With 630 deaths, Italy’s death toll is significantly higher than the next three hardest-hit nations combined, with deaths in Iran, France and South Korea totaling under 380.
So what has put Italy and its people at higher risk for severe disease? The answer is multifaceted.
To start, part of the answer may lie in the age distribution of Italy's population. Italy has an older population with a greater percentage of adults over the age of 65 than the U.S. The Centers for Disease Control cautions that older adults may be at risk for more serious COVID-19 illness.
Data from China, where the majority of COVID-19 deaths have occurred, shows that about 80% of adults that have died were over the age of 60.
Another risk factor may relate to smoking. COVID-19 is a respiratory disease that can lead to pneumonia, respiratory failure and, in the worst cases, death. Smoking is known to impair lung function and the immune system, contributing to more severe respiratory illnesses. A recent study suggests that more than 21% of Italians are smokers, compared to less than 14% in the U.S.
An additional risk factor could be related to local customs. The CDC has urged the use of social distancing as a precaution against the spread of COVID-19 -- but prior to this outbreak, the common custom in Italy was to greet friends and loved ones with a kiss on both cheeks.
"We do know that the virus is transmitted from person to person through droplets and possibly through contaminated surfaces," said Banks. "Social isolation is certainly being advocated by many experts around the globe in an effort to curb the spread of the virus."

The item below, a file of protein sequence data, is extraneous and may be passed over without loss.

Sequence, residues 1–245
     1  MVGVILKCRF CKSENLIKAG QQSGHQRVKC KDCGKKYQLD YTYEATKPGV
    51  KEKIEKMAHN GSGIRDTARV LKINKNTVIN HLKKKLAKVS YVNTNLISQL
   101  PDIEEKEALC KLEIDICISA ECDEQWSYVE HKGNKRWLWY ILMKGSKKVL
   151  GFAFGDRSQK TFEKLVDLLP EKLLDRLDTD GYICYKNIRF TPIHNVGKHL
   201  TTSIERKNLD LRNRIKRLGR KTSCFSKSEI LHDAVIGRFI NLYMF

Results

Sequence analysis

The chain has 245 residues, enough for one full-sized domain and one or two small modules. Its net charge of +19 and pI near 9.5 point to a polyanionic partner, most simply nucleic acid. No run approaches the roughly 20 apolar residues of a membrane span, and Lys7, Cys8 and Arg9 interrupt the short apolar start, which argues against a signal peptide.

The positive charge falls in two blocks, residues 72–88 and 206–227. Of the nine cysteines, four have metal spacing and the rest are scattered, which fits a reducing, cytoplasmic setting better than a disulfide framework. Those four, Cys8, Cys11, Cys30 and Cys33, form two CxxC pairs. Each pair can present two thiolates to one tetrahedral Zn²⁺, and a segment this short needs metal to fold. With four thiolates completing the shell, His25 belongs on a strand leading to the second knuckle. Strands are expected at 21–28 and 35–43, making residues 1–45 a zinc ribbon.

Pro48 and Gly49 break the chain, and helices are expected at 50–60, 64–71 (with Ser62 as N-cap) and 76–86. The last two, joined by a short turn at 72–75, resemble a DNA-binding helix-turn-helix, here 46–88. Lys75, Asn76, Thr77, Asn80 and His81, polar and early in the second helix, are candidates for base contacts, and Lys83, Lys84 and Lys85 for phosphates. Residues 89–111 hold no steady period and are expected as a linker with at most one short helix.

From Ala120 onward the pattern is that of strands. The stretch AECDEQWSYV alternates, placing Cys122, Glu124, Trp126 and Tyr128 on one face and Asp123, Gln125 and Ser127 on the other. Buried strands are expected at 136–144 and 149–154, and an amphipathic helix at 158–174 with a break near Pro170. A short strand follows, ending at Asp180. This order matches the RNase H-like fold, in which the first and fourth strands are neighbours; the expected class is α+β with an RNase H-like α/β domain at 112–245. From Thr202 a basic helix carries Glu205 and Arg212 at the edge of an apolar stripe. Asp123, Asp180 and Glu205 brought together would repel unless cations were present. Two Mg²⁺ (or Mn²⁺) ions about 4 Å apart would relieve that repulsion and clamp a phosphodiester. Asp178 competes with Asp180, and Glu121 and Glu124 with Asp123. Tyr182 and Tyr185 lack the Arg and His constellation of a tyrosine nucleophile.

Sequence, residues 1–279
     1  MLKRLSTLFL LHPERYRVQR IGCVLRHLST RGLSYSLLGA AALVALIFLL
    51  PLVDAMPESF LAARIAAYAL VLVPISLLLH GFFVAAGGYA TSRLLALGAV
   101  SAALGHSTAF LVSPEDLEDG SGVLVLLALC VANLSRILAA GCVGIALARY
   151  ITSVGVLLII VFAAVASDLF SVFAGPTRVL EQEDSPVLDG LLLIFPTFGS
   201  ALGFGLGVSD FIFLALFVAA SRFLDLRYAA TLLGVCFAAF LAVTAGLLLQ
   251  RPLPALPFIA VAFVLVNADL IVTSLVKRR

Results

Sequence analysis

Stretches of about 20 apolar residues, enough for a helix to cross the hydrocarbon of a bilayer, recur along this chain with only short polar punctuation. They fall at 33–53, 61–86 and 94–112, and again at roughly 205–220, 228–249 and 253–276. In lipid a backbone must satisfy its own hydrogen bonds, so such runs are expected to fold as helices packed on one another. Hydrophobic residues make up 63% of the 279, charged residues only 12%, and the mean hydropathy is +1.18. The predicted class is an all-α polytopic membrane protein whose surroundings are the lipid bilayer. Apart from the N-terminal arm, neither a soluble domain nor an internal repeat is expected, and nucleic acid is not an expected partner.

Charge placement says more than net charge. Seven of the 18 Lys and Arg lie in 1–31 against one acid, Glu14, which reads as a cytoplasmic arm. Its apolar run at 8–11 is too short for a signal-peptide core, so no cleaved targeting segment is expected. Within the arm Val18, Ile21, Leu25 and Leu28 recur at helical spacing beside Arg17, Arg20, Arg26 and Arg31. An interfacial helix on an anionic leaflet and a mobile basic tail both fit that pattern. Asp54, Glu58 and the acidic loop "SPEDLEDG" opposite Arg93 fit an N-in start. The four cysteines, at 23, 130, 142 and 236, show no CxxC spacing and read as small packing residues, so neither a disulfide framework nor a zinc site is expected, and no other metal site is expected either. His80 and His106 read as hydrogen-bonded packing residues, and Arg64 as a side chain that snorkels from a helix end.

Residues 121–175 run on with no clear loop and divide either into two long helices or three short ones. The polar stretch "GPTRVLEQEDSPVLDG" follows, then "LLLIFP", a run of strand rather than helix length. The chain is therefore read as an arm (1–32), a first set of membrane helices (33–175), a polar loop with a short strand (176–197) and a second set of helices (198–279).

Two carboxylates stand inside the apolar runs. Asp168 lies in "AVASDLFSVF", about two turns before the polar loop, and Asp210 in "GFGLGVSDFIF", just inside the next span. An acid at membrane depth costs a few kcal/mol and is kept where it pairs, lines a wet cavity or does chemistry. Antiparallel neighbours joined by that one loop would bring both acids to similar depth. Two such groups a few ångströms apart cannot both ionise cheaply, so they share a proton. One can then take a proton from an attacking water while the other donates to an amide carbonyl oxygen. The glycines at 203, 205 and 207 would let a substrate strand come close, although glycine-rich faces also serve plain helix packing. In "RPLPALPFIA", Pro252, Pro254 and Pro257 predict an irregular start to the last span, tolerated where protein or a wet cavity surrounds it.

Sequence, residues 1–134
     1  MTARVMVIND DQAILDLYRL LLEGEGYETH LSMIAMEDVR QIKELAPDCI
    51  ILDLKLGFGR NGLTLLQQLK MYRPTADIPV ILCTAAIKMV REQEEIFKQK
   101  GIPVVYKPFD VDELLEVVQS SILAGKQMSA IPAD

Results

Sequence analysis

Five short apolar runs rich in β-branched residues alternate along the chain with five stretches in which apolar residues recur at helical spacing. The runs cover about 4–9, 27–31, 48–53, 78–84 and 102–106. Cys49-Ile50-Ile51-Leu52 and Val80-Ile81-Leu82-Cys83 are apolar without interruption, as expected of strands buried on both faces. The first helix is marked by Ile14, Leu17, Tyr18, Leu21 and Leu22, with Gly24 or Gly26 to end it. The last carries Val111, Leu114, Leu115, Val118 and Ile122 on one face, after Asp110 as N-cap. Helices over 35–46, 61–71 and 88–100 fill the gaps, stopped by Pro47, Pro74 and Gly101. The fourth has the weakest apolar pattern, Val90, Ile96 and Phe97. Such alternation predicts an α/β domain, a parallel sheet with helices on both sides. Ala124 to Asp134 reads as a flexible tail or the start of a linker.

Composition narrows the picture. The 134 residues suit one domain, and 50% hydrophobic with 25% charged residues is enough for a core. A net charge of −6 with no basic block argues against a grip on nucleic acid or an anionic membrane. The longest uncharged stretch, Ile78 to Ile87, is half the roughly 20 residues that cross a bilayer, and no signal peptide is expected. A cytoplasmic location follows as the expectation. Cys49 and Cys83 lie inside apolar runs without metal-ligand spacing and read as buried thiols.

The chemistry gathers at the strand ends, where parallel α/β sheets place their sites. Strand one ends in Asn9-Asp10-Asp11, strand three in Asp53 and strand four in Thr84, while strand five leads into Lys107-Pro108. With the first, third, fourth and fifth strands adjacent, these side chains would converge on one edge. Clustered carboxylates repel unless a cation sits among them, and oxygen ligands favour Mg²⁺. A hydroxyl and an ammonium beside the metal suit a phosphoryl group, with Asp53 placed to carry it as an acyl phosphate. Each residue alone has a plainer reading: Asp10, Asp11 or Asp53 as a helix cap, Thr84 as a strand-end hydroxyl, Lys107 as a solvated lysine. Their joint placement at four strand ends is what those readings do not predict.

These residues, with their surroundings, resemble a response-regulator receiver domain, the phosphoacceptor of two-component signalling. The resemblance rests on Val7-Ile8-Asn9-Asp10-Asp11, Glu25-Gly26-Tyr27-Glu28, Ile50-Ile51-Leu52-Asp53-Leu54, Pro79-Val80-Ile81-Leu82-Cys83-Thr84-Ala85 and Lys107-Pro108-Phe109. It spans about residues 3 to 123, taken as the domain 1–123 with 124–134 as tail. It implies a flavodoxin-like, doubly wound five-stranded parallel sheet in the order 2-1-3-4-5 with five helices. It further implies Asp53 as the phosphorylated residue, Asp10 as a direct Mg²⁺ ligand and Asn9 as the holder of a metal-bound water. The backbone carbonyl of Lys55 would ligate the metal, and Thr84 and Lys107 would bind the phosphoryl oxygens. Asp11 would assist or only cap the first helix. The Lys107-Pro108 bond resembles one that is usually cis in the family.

Dr. Banks said that a final reason the mortality rate in Italy appears to be so high could be statistical.
"If asymptomatic or minimally symptomatic patients are not being tested, this will also skew the numbers we are seeing and increase the rates of adverse outcomes," she said.
Experts say it's difficult to predict if the U.S. will fare better than Italy as the virus runs its course.
"Based on the numbers that we are seeing from various countries, it does appear that the U.S. is behind several other countries in the number of cases that are being tested here," Banks said. "If we are unable to make an accurate diagnosis due to limited testing availability, this will certainly skew the numbers that we are seeing. As commercialized testing is being rolled out currently, I think we will see a shift in these numbers."
Melanie Graber, M.D. is an internal medicine resident at the University of Connecticut School of Medicine and Angela N. Baldwin, M.D., M.P.H., is a pathology resident at Montefiore Health System in the Bronx. They are both contributors in the ABC News Medical Unit.